However, the questions we need to ask ourselves are: “Will prospective employees from either of these entities even read the policies? Will they actually question or familiarize themselves with the policies implemented? How hard are they for management to “police?” In our experience – highly unlikely! In fact, the only time an employee will usually refer back to a policy document is when they have misconducted themselves or when there is a dispute regarding policy-related practices.
What then, is the solution?
Larger entities: Unfortunately, do require, carefully researched policies, however these can often be minimised, streamlined and plain languaged for ease of use;
For smaller businesses, we recommend:
Policies and employment contracts should be short and easy to read;
Place key policies and behaviors directly in the employment contract. People are inclined to read contracts more carefully than policies. Rather create a situation where employees can read 13 pages they are going to acknowledge with a signature, than reading 6 policies of 15 pages each; Some clauses should be tailor-made and relevant to each business, e.g. safety and compliance
Contracts regulate behavior, and new hires are inclined to read their appointment letters carefully, as opposed to reading heavily worded policies. It is far better to create a situation where new employees read a few detailed pages from the outset and sign as opposed to a thick annotated file of documents that they are handed upon the commencement of their employment.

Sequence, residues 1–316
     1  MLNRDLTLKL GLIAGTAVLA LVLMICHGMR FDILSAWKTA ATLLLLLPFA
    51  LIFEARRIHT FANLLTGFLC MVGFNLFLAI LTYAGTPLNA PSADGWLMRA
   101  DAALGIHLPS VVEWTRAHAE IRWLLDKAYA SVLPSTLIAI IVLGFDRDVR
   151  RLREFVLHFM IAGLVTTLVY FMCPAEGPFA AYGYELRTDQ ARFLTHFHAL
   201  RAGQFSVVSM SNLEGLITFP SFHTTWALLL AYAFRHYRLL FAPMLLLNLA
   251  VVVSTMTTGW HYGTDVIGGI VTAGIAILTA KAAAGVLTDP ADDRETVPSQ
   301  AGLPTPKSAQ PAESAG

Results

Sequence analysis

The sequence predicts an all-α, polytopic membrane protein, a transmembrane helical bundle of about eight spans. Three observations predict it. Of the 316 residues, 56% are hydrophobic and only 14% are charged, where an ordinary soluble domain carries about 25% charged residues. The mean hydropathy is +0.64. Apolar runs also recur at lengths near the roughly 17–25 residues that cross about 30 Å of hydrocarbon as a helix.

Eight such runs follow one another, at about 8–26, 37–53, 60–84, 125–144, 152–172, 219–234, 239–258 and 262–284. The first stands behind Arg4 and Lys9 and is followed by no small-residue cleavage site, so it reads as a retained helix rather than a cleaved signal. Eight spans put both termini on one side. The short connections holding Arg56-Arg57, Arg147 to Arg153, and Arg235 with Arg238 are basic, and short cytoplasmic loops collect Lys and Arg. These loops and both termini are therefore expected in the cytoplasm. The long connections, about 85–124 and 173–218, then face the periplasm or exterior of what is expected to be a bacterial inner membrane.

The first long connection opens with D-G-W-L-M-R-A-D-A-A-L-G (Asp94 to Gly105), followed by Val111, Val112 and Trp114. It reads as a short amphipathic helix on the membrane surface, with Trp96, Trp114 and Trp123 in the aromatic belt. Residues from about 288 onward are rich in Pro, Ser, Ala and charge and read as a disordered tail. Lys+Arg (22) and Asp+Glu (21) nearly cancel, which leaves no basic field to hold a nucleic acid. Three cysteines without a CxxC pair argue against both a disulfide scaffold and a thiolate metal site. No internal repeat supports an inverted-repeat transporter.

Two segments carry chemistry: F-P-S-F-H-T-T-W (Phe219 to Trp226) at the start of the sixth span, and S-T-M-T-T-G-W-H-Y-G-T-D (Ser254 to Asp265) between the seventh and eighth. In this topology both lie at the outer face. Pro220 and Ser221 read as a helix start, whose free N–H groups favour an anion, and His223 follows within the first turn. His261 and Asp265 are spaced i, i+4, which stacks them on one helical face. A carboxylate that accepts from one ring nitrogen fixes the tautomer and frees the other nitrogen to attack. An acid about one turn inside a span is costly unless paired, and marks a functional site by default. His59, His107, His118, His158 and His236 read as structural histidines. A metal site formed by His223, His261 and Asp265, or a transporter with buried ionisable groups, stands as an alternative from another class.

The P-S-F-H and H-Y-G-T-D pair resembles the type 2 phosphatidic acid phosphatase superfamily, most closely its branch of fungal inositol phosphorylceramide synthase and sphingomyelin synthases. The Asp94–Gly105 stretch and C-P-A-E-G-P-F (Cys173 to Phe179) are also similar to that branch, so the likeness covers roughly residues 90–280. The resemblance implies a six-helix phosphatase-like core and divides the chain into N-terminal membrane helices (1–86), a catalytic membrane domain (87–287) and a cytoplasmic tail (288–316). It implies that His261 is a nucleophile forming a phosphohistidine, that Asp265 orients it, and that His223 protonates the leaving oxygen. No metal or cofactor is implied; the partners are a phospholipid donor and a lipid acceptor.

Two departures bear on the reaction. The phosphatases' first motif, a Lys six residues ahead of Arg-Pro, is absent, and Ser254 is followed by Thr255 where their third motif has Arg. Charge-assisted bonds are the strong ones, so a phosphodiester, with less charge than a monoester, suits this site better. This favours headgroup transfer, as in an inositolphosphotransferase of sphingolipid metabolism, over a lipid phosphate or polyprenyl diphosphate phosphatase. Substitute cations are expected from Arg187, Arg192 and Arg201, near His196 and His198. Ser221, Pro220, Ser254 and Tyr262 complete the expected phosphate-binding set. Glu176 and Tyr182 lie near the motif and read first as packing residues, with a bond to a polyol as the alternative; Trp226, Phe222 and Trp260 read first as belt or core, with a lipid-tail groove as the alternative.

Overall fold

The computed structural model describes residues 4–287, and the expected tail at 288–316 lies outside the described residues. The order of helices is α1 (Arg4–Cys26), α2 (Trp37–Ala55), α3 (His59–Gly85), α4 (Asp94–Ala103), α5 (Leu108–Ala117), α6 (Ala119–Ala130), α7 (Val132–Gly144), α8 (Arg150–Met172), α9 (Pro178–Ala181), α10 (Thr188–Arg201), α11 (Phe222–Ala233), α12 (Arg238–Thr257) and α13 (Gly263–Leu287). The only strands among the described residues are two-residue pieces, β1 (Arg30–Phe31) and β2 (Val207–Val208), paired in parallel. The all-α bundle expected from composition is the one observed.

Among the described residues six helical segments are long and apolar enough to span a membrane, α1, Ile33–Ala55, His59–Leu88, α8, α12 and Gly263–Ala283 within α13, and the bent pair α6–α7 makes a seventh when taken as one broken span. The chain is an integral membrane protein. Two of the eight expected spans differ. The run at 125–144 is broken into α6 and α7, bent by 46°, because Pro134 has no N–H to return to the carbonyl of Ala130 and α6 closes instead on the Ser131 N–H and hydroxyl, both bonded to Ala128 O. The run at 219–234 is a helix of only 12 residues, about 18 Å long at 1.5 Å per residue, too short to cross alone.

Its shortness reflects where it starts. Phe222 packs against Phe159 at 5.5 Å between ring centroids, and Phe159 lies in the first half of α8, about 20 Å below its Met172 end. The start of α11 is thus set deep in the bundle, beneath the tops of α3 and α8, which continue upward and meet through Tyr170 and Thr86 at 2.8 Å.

Common unacceptable behavior does not need to be regulated in policies as many of these aspects are implied terms for example don’t steal, don’t fight etc , respect your manager etc.;
The letter of employment should list specifics and include relevant every day misdemeanors;
Labour law practitioners should be held to a standard and focus less on money-making schemes and tailor policies to their clients’ industries and needs;
The Basic Conditions of Employment Act should be used as your ‘blueprint’.
Gaining/developing impetus for the efforts to reduce the length of policy documents will become a pain point. Businesses need to ask whether they are creating a barrier to entry for promising staff, and overcomplicating /encumbering management’s ability to generate profit /disabling the business. Pain points develop when processes are too cumbersome for the size of the enterprise.
At ERX we know that not all business owners have the time, information or knowledge to navigate the minefield of bad advice in the industry. We want to help you ensure you’re properly equipped and able to focus on the right things. Contact us for advice on how to better streamline your employment policies and processes.
Does anyone still read the small print? On our media devices alone we accede to roughly 20 000 words of Terms and Conditions a day – some of them even start in capital letters (Yes, Apple, we are looking at you). But as conscientious employers, do we really want the same to be said of the long(often incomprehensible) policy documents we often have our prospective employees sign? The impetus for the efforts to reduce the length of policy documents will be the pain point. Businesses need to ask whether they are creating a barrier to entry for promising staff. If so, then we haven’t done our job well at all.